Once second a day for a year turned into a roughly 6 min long video that captured every major event of my son’s life.  It’s amazing and something I’ll cherish for ever, it brings me back to the question, what about all those lost seconds? What if you take those wasted seconds and use them to work on a skill or project.  A second is not a lot of time and may seem meaningless, but if you add these seconds up over 10 years.  If I recorded one second a day for the next 10 years of my life, I’d have almost an hour-long video of the past decade.

What could you do with those seconds?

  • Could you learn a new skill?
  • Write a book?
  • Clean your house?
  • Organize your finances?
  • Start a side hustle?

When ever you’re asked for a second it’s always more like a few minutes. You should treat your other tasks like you handle those just-a-second-questions. You might not want to do something (work, exercise, read, writing) for another hour but you could always do it for another second. If you want to build your skills, complete work that matters, and improve your life then you should figure out the wasted seconds in your life that could be used to improve yourself.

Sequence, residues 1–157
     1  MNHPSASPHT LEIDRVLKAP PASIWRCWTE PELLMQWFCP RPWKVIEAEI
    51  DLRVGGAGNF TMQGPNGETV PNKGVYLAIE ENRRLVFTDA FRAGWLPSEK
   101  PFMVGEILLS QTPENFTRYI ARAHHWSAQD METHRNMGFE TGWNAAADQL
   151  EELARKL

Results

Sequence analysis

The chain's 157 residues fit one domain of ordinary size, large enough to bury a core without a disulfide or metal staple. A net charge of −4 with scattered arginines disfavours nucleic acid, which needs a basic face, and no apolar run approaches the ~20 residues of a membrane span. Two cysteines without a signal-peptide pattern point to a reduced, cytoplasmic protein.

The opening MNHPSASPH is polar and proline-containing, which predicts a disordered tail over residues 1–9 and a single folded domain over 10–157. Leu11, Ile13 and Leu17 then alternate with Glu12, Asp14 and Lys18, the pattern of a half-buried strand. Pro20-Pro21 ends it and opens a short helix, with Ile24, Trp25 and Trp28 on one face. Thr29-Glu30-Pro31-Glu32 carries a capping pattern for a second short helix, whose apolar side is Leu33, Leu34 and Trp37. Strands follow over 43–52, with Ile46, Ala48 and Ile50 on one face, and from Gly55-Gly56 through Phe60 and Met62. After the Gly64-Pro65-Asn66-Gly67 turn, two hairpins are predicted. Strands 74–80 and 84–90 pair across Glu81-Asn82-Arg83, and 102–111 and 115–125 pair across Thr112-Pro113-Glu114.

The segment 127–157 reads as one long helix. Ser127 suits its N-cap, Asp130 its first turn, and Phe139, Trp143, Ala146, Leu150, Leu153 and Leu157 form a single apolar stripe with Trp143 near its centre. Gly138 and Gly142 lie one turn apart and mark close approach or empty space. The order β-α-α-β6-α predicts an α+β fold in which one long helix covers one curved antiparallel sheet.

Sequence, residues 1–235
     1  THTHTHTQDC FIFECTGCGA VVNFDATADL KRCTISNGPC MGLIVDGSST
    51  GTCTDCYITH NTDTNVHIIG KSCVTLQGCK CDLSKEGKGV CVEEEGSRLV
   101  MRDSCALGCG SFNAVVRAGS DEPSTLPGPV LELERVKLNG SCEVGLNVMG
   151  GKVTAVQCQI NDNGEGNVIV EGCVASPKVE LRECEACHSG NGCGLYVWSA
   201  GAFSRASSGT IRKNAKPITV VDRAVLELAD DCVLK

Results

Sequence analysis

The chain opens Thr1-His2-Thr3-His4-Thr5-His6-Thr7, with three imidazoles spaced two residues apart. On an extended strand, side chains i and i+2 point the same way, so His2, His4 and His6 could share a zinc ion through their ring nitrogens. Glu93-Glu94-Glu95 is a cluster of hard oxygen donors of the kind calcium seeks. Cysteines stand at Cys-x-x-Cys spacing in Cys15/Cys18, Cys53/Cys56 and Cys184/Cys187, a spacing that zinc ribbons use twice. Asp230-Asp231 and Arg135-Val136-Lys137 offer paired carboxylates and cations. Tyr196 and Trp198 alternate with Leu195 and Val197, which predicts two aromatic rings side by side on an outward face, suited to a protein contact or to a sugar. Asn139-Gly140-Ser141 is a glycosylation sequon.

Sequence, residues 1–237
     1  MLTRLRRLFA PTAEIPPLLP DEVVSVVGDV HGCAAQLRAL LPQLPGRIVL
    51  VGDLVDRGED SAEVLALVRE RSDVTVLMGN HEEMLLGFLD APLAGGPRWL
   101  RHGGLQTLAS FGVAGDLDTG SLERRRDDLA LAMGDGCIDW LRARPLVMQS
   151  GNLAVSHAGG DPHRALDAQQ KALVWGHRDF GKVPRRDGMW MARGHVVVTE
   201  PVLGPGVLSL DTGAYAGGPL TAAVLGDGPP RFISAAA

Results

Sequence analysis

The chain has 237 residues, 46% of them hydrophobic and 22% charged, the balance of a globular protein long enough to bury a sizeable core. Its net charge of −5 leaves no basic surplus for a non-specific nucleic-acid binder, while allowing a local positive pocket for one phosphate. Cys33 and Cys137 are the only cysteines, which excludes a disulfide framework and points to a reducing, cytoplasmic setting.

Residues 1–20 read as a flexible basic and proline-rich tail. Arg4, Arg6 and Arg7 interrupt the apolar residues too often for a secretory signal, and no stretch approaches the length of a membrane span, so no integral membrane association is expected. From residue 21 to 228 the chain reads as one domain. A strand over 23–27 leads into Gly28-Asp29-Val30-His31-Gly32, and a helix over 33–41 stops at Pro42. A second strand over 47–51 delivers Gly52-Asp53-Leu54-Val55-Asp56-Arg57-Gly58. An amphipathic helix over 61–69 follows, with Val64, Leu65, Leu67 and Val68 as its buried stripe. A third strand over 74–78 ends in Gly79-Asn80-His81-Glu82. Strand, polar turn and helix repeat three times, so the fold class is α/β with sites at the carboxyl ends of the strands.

One second everyday might not seem like a lot of time but someday those seconds could have you speaking at TED.

Learning to Hustle

A lot of people seem to be talking about hustling. Gary Vaynerchuk has built an empire out of it. What is the hustle and how can I start concentrating on doing more of it?